A tight-lipped Garland, Texas Police Spokesman Joe Harn refused to name either of the two men responsible for an attempted shooting at the Curtis Culwell Center on Sunday, where the Mohammed Art Exhibit and Contest was being held. Harn explained that the two men were shot almost immediately upon opening fire on police, and that no bombs were found in the men’s vehicle.
Harn began the press conference by detailing the incident as the police experienced it. Two men drove up to the Culwell center armed with assault rifles in a “dark-colored vehicle” and began immediately shooting at the police vehicle parked outside. Police “began returning fire and struck both men,” Harn added, and “responded within seconds and helped secure the scene.” Both men died outside and did not come close to entering the location.
Harn confirmed that there are only two suspects so far. “There was a man that we detained that we thought might have been a suspect in this event but, upon being interviewed, we determined he was not a suspect,” he added.
Police then began to search the vehicle and the bodies of the attackers for bombs, but did not find bombs in the vehicle. They did find that the gunmen were wearing protective body gear.
Harn only defined the intent of the shooters as being “to shoot people,” and refused to release names. “Do we think we know who they are? Yes,” he added, though refusing to confirm that social media chatter that has been tied to one of the shooters was definitively linked to the attack. A Twitter account titled “Sharia is Light” tweeted about a “Texas Attack” minutes before the shooting, though no official link has been made between the shooters and the tweet. “We don’t know that it was those people who put that out,” Harn noted. He also refused to confirm whether the shooters were US citizens.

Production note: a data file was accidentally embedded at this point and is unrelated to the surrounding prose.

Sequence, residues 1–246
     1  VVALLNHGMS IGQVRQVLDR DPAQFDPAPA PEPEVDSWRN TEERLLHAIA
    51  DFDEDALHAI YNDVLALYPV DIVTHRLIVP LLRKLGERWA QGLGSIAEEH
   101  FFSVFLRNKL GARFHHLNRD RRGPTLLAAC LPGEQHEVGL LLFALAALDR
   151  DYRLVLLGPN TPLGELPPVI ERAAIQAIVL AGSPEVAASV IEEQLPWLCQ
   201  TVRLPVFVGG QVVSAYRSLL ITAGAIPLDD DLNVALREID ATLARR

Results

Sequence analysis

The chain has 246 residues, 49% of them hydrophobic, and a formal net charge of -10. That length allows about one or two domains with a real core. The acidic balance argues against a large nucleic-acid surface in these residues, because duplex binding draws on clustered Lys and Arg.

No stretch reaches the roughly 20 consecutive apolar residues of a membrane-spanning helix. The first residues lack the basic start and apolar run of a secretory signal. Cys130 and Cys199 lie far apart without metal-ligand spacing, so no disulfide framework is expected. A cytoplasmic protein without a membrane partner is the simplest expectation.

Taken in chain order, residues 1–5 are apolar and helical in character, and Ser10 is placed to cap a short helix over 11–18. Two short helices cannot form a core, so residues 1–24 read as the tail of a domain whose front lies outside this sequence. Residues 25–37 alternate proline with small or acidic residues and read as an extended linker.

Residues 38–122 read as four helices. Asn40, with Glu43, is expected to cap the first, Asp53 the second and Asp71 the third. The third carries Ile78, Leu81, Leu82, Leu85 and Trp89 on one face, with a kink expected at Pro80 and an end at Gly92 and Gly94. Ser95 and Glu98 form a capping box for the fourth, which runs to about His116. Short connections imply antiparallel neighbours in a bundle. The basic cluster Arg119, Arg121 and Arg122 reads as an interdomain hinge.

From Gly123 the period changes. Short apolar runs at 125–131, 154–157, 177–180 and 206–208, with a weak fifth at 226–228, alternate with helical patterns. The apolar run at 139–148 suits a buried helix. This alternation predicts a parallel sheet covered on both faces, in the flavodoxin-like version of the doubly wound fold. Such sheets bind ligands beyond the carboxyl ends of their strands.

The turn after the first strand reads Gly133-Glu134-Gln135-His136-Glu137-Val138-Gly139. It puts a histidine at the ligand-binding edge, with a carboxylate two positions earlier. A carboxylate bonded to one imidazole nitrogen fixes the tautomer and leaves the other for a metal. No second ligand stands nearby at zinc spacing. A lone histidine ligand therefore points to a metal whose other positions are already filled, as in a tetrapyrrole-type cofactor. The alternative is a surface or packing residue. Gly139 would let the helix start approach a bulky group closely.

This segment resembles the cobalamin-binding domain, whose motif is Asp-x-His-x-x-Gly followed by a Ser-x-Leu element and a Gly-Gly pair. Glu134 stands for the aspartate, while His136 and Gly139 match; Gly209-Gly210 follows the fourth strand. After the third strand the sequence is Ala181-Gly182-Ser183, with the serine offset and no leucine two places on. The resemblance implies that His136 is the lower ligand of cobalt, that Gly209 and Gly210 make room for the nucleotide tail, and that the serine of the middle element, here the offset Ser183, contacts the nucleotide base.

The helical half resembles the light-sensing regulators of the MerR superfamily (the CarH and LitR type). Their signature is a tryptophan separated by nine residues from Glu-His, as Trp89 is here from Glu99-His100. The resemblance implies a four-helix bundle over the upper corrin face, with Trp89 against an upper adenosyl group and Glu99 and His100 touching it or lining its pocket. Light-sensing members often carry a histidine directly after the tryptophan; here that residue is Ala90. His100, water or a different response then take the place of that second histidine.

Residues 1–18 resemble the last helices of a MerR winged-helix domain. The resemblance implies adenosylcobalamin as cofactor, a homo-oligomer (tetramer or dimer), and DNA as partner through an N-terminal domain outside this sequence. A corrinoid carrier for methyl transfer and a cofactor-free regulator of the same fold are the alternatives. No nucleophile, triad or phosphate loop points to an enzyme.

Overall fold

Harn refused to call the event a “terrorist attack,” though he noted that police “are certainly looking into that.”
Harn noted that police had been monitoring a potential attack on the Draw Muhammad contest for “months,” finding some “chatter” online but little else, and that event organizers spent an extra $10,000 on security.
While Harn gave no information on the identity of the shooters, the FBI has confirmed the name of one suspect, Elton Simpson, whose Phoenix, Arizona apartment is currently being searched, the Associated Press reports. Simpson was convicted of lying to the FBI in 2010, claiming he had not discussed traveling to Somalia to wage jihad despite the FBI possessing recorded conversations that disproved this.